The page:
rain pours down in this place, masking our tears.
I never expected to have proof so soon of Spikeís growing humanity, of
the effects of his strange, imposed soul. But itís here in his tears.
It took me eighty years to stop feeling sorry for myself long enough to
feel sorry for them. Itís taken him six months.
There was a lot of pain here tonight.
We bear witness to the evil that men do. Men with souls like mine.
They must have caught her whilst she was jogging. Her torn running gear
led us to the spot where they left her, face down in the mud. Itís a lonely
spot to die. The smell of her fresh blood is almost overwhelming. Itís
drained into the mud in which she lies, washed out from her wounds by
the incessant rain. Cordelia had seen the body. Thank God she only saw
darkly and briefly. This is almost beyond words.
Spike seems as shocked as I am. His head is bent as if in supplication
to her pain. Then he looks up and his face is streaked and dark.
ĎShe wasnít killed here.í
ĎShe must have been. Look at the blood, itís only here. No trail.í
ĎBut weíre only a few yards from the road, Angel. A busy road. Someone
would have heard her screams. ThisÖí he falters and the pain is obvious
in his voiceÖíthis must have taken hours. She canít have been killed here.í
A ripple of cold dread snakes its way down my back and I know Spike can
read the fear in my eyes. I kneel in the dirt and blood alongside her
peeled body and gently turn her face to the side. What I see wants to
make me scream. Two hundred and fifty years of killing and torturing my
victims has not prepared me for the horror of this moment. I turn my face
to Spikeís, for I fear his reaction. This is too soon for him. I shouldnít
have brought him here. I see he is lost in a world of anguish and confusion
and I have to question why the Powers That Be would send us on such a
foolsí errand. There is nothing more we can do for her in this life.
isnít right. This isnít right. Demons are supposed to kill Ďem. I kill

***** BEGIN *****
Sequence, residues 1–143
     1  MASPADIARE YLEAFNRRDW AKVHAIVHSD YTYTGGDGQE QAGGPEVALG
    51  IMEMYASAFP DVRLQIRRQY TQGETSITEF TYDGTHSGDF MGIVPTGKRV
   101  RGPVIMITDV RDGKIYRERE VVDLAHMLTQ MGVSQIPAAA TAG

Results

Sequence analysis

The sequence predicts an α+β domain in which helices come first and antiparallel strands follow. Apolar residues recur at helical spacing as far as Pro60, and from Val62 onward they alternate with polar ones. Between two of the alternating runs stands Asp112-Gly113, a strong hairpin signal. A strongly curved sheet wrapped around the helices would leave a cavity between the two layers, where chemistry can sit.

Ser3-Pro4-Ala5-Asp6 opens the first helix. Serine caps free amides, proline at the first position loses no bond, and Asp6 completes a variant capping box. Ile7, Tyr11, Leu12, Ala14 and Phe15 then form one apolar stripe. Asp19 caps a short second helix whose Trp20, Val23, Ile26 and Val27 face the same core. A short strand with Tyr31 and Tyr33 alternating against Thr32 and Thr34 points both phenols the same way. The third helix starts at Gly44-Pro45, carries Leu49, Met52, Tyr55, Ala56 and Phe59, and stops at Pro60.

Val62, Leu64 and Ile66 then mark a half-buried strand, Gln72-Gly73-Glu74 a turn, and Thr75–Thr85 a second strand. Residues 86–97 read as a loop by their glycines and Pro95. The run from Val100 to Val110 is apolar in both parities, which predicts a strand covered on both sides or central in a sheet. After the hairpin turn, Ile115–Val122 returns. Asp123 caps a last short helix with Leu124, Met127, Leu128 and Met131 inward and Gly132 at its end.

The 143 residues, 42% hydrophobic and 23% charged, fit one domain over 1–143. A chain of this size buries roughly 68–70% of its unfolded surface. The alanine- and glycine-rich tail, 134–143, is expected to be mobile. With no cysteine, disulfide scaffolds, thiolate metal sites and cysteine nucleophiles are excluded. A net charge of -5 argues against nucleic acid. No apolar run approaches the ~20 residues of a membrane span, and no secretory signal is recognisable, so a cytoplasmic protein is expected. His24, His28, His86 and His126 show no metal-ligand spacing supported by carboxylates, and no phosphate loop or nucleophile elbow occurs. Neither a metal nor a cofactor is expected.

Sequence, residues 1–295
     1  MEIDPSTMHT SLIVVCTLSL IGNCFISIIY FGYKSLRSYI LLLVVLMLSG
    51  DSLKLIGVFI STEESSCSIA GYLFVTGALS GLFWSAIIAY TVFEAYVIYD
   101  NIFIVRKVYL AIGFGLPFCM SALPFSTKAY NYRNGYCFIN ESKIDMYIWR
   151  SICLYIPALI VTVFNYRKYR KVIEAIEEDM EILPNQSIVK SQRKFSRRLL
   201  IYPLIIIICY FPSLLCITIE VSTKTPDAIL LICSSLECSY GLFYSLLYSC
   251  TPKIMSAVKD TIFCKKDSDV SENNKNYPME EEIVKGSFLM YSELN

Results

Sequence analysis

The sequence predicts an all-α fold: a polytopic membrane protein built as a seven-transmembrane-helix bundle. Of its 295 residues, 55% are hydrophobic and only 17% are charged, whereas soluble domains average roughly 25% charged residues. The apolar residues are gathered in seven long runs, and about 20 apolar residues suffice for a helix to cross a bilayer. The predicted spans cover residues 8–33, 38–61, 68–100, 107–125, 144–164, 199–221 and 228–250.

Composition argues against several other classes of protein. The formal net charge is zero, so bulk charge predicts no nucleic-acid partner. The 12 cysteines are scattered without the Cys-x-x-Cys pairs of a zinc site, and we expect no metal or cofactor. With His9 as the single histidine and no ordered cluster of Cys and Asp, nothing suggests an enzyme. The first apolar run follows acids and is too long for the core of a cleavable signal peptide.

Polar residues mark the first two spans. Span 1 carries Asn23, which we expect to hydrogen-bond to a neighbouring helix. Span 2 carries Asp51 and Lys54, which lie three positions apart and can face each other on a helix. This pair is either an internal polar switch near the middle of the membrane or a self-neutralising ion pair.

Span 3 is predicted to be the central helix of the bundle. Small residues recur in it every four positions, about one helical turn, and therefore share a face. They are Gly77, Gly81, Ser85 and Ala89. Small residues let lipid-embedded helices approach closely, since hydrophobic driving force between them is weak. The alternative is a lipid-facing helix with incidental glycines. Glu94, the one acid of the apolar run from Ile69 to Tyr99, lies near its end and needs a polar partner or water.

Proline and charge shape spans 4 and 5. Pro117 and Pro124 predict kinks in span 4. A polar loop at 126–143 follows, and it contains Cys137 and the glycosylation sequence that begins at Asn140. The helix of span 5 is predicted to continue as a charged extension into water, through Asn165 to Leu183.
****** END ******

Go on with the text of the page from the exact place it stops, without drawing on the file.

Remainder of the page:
demons. Itís so simple in Sunnydale. This is not right. I canít work out
what I am supposed to do here. Fuck, I am so lost, I donít even know how
to start lookiní for home.
There are no demons here. Only men. Men with souls. But they do this.
So what is a soul and what have I got, that I feel like this? I want to
tear this soddiní chip out of my head and bathe in their blood again.
I want to lose this focus. I want them to blur to the edges of my vision
so they are like a herd, ripe for the picking. I donít want them like
this. I donít want them in stark, individual deaths that I can witness.
I donít want this pain. This isnít right. This isnít right. But what can
I do? Thereís no help. For me, for her. No help. Oh God, this hurts too
much. Help me!
need to leave this place. Iíve called Kate and sheíll be here soon. I
donít want awkward questions about Spike. I donít want him to see the
fear in her eyes, the hopelessness. I want him to think that there will
be resolution, justice. I needed that at the beginning. Before the darkness
became habitual. I gently take his arm,
ĎItís time to go, Spike. Thereís nothing we can do here. For her. Nothing
we can do for her. Come on.í Surprisingly he allows me to lead him back
to the car. We are both soaked through and I can smell the mud and her
blood on me. On the drive home, the air in the car becomes stifling, steaming